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Chronic liver inflammation dominated by interferon-γ can prevent hepatocarcinogenesis.

Schrader J, Herkel J - Oncoimmunology (2012)

Bottom Line: Inflammation is a major stimulus for carcinogenesis; however inflammation can also inhibit tumor growth and deplete malignant cells.The differences between cancer-promoting and cancer-inhibitory inflammation are not clear.We identified Interferon-γ as a major mediator of cancer-inhibitory inflammation that promotes anti-cancer immunity in the liver and sensitizes malignant hepatocytes for apoptosis.

View Article: PubMed Central - PubMed

Affiliation: Department of Medicine I; University Medical Centre Hamburg-Eppendorf; Hamburg, Germany.

ABSTRACT
Inflammation is a major stimulus for carcinogenesis; however inflammation can also inhibit tumor growth and deplete malignant cells. The differences between cancer-promoting and cancer-inhibitory inflammation are not clear. We identified Interferon-γ as a major mediator of cancer-inhibitory inflammation that promotes anti-cancer immunity in the liver and sensitizes malignant hepatocytes for apoptosis.

No MeSH data available.


Related in: MedlinePlus

Figure 1. A model of cancer-promoting and cancer-inhibitory liver inflammation. Tumor-suppressive inflammatory liver infiltrates are characterized by high content of IFNγ-secreting lymphocytes (Th1, CD8 T, NK and NKT cells), sustained activation of the STAT1 pathway in hepatocytes, macrophage polarization toward an M1 phenotype and fibrolysis. In contrast, tumor-promoting liver infiltrates are characterized by high content of IFNγ non-producing or interleukin-22 producing lymphocytes, interleukin-6 secretion by various cell types, macrophages with M2 phenotype, sustained STAT3 activation in hepatocytes, fibrogenesis and angiogenesis.
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Figure 1: Figure 1. A model of cancer-promoting and cancer-inhibitory liver inflammation. Tumor-suppressive inflammatory liver infiltrates are characterized by high content of IFNγ-secreting lymphocytes (Th1, CD8 T, NK and NKT cells), sustained activation of the STAT1 pathway in hepatocytes, macrophage polarization toward an M1 phenotype and fibrolysis. In contrast, tumor-promoting liver infiltrates are characterized by high content of IFNγ non-producing or interleukin-22 producing lymphocytes, interleukin-6 secretion by various cell types, macrophages with M2 phenotype, sustained STAT3 activation in hepatocytes, fibrogenesis and angiogenesis.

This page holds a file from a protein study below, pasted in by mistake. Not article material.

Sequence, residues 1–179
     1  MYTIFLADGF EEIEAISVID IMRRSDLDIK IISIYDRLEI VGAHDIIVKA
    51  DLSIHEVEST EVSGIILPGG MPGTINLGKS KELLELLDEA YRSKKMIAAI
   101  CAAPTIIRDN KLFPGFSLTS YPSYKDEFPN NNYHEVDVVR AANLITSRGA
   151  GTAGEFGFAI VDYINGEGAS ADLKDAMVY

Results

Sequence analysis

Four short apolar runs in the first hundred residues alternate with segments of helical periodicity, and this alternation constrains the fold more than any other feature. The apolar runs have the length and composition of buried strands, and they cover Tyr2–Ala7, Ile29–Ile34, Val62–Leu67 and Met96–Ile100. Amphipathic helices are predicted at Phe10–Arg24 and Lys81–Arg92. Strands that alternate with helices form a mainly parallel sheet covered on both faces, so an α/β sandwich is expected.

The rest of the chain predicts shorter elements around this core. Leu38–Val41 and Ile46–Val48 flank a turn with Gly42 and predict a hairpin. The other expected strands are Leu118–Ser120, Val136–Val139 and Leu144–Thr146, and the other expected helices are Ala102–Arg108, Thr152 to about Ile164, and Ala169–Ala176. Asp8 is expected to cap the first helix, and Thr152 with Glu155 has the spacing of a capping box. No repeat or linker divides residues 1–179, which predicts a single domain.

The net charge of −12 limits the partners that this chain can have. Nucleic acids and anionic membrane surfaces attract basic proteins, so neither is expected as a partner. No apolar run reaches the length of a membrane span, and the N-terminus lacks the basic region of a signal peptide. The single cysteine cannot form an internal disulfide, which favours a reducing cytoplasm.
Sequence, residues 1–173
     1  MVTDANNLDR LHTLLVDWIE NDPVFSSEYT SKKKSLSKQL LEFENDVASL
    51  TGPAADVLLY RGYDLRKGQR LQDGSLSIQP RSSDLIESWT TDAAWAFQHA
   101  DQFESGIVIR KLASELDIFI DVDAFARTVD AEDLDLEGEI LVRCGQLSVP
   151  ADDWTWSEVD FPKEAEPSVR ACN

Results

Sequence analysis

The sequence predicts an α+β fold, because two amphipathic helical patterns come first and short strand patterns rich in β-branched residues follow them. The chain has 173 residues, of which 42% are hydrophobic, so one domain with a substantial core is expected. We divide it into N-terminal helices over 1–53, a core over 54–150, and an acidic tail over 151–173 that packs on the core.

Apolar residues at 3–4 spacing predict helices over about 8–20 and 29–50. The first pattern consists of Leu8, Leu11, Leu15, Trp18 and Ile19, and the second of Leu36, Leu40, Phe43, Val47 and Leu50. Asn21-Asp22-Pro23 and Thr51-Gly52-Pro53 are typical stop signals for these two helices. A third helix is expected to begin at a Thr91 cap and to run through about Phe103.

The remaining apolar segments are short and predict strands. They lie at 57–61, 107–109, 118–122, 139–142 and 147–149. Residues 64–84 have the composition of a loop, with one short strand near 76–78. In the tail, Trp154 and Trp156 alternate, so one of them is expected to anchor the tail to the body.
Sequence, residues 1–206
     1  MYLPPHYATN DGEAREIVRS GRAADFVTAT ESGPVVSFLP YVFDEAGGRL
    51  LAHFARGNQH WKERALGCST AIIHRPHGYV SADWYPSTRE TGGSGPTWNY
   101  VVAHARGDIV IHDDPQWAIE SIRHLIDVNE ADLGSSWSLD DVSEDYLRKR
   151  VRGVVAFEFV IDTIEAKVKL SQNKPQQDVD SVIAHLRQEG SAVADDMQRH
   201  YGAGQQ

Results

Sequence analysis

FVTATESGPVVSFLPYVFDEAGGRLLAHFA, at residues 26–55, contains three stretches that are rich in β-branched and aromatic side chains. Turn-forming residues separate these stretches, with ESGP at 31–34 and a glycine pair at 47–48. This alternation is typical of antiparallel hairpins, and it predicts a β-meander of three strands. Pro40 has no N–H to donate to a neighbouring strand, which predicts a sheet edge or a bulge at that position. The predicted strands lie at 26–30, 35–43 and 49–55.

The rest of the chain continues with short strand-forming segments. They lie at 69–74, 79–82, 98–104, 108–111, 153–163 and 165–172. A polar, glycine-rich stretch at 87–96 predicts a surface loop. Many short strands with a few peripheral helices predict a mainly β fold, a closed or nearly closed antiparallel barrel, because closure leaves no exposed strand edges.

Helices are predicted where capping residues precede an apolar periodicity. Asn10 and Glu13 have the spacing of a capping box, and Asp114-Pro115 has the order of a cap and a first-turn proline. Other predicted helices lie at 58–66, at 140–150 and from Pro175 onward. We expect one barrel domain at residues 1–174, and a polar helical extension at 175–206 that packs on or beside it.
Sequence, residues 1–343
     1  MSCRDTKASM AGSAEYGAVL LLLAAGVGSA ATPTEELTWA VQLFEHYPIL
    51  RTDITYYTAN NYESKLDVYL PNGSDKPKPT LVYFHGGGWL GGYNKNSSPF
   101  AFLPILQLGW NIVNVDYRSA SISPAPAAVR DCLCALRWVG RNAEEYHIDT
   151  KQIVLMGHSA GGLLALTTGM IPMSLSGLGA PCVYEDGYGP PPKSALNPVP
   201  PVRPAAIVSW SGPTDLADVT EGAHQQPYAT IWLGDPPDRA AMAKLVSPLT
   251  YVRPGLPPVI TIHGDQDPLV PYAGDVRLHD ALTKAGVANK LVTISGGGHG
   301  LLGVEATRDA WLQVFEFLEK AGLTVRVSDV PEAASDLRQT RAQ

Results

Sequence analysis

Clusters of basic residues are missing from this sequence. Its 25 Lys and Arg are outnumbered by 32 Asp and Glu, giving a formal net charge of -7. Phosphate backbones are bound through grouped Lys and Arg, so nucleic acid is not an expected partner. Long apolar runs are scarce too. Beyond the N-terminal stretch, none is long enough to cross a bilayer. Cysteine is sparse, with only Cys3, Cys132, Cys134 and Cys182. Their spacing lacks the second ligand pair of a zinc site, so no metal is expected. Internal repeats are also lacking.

Mentions: We thus propose that the differences between tumor-promoting and tumor-inhibitory liver inflammation may be explained not only by the degree of cytotoxic activity of inflammatory cells, but also by predominance of either STAT1-activating cytokines, such as IFNγ, or STAT3-activating cytokines, such as interleukin-6 or interleukin-22 (Fig. 1). This model is compatible with the finding that the balance of STAT1 and STAT3 activation seems to predict the clinical outcome in cutaneous melanoma.9 During tumor promotion, the presence or absence of IFNγ further influences the tumor microenvironment and tissue remodelling. Indeed, IFNγ is known to promote macrophage polarization toward an M1 phenotype and to inhibit fibrogenesis, whereas M2 macrophages, which are induced by non-IFNγ producing lymphocytes and malignant hepatocytes, promote fibrogenesis and angiogenesis. It is conceivable that the presence of IFNγ during tumor promotion may prevent induction of M2 macrophages. In summary, inflammatory infiltrates with high content of IFNγ-secreting lymphocytes, i.e., Th1 cells, CD8 T cells, some NK cells and some NKT cells, may characterize tumor-suppressive inflammation, whereas infiltrates with high content of IFNγ non-producing or interleukin-22 producing lymphocytes may characterize tumor-promoting infiltrates. Therefore, manipulating the type of chronic inflammation and the composition of tumor-associated inflammatory infiltrates may serve the prevention of cancer.